A Saudi official caught up in an ongoing lawsuit over the September 11 attacks has once again been removed as a defendant by a U.S. federal judge after the Saudi government requested his immunity.
Abdul Rahman Al-Swailem, former president of two charities, the Saudi Joint Relief Committee (SJRC) and the Saudi Red Crescent Society, was accused in a 9/11 lawsuit of supporting Al-Qaeda before the terrorist attacks. He was also accused of appointing an Al-Qaeda figure as a SJRC director. The legal action against Al-Swailem is part of what is described as a “vast multi-district” lawsuit against hundreds of defendants who are claimed to have provided support for the 9/11 terrorist attacks, according to Courthouse News Service.
Al-Swailem got himself removed from the civil case in 2010 when a federal judge tossed the complaint out altogether. But on appeal the litigation was restored by the Second Circuit Court of Appeals, which put Al-Swailem back as a defendant. So he again asked to be removed, as did the Saudi Royal Family, which rules Saudi Arabia, saying Al-Swailem’s position as head of the charities entitled him to diplomatic immunity due to the charities being agencies of the Saudi government.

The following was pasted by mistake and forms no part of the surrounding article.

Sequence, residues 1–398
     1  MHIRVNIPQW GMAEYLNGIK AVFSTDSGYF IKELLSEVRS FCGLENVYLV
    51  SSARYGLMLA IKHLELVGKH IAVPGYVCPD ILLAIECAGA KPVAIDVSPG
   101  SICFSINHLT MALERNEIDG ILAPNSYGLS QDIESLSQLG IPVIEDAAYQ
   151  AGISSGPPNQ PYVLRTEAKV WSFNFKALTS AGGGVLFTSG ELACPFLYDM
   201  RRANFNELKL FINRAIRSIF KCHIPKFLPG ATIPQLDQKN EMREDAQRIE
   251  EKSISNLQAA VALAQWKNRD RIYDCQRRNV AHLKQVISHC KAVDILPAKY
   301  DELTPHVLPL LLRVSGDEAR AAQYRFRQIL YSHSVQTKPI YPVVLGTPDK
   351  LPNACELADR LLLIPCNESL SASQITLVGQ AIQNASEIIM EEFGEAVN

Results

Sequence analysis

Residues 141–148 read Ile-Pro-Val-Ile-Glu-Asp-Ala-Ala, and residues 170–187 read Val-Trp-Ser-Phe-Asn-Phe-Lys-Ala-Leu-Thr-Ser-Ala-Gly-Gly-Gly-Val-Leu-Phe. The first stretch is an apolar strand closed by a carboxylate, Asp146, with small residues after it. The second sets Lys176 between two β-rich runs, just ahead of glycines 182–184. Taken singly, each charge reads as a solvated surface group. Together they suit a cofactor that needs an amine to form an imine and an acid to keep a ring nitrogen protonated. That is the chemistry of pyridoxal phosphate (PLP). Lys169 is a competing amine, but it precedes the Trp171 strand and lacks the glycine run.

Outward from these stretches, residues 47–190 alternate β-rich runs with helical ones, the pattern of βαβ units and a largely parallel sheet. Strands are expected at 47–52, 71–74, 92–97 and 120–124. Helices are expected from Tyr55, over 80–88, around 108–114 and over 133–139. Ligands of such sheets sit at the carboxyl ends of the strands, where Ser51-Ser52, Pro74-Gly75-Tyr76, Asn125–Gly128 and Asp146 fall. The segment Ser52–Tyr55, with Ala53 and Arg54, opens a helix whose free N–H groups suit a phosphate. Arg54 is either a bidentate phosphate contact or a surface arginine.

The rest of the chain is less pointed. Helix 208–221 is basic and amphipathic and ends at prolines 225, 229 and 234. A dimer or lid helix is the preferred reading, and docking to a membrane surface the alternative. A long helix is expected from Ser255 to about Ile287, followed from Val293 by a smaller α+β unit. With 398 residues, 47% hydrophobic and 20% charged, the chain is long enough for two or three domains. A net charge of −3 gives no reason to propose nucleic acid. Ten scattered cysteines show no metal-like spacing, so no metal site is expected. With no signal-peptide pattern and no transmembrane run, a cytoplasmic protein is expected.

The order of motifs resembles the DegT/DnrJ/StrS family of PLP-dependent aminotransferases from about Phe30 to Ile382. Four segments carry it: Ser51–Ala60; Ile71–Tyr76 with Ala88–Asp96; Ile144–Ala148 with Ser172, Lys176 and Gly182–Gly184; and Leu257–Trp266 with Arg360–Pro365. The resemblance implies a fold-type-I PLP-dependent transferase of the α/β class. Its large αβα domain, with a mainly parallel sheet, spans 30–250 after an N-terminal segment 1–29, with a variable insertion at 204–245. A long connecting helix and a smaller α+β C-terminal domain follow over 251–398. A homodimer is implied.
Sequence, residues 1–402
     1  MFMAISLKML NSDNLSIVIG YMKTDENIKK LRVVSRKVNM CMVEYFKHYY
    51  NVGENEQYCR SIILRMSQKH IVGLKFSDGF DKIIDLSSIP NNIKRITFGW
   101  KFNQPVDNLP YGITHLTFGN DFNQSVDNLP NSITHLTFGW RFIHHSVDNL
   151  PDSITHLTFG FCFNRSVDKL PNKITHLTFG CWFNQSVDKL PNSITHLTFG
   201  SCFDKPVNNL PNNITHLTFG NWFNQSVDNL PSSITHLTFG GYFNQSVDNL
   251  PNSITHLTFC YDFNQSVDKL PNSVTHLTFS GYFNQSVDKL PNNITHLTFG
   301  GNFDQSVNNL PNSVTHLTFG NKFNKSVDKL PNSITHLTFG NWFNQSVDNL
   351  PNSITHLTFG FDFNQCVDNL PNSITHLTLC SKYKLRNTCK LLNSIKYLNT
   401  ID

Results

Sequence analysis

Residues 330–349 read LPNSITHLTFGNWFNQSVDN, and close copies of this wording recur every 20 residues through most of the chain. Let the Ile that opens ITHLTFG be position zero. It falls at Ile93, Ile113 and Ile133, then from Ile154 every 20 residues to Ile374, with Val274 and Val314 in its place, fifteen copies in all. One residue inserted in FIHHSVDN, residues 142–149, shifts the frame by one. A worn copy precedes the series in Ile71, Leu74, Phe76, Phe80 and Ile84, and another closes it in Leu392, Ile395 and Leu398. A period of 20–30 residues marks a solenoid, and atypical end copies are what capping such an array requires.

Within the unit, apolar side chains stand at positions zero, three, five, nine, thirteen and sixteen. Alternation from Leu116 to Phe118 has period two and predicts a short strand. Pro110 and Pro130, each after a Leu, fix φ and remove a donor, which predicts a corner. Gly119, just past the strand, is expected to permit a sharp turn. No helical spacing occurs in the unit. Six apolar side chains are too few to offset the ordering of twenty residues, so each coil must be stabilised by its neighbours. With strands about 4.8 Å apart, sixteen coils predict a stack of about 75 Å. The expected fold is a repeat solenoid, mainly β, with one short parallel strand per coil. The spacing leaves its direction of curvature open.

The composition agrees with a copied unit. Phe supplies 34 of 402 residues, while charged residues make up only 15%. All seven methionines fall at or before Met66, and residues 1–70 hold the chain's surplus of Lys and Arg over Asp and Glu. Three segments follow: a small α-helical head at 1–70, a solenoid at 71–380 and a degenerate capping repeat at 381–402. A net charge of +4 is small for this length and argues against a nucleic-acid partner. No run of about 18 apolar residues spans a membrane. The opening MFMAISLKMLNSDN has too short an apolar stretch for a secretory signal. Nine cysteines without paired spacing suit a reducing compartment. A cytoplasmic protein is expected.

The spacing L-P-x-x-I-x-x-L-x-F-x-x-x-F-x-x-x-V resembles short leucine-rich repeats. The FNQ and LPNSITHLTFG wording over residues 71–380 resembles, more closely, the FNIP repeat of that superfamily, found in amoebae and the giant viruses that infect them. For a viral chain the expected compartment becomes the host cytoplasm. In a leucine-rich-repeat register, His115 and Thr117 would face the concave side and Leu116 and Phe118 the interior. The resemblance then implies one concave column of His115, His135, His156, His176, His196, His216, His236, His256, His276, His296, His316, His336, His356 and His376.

U.S. District Judge George Daniels granted Al-Swailem’s motion last week, ruling he was entitled to immunity.
“Here, the Saudi government, through its ambassador, has requested that this court grant common law sovereign immunity to Al-Swailem, and has declared that all alleged actions were taken by Al-Swailem in his official capacity as head of the SRC and the SJRC,” Daniels wrote.
“The conclusory allegations in the complaint do not strip Al-Swailem of conduct-based immunity for actions taken in his official capacity. The only non-conclusory allegation, regarding Al-Swailem’s hiring decision, is an action taken in his official capacity – not his personal – capacity. Thus, Al-Swailem is entitled to common law, conduct-based sovereign immunity.”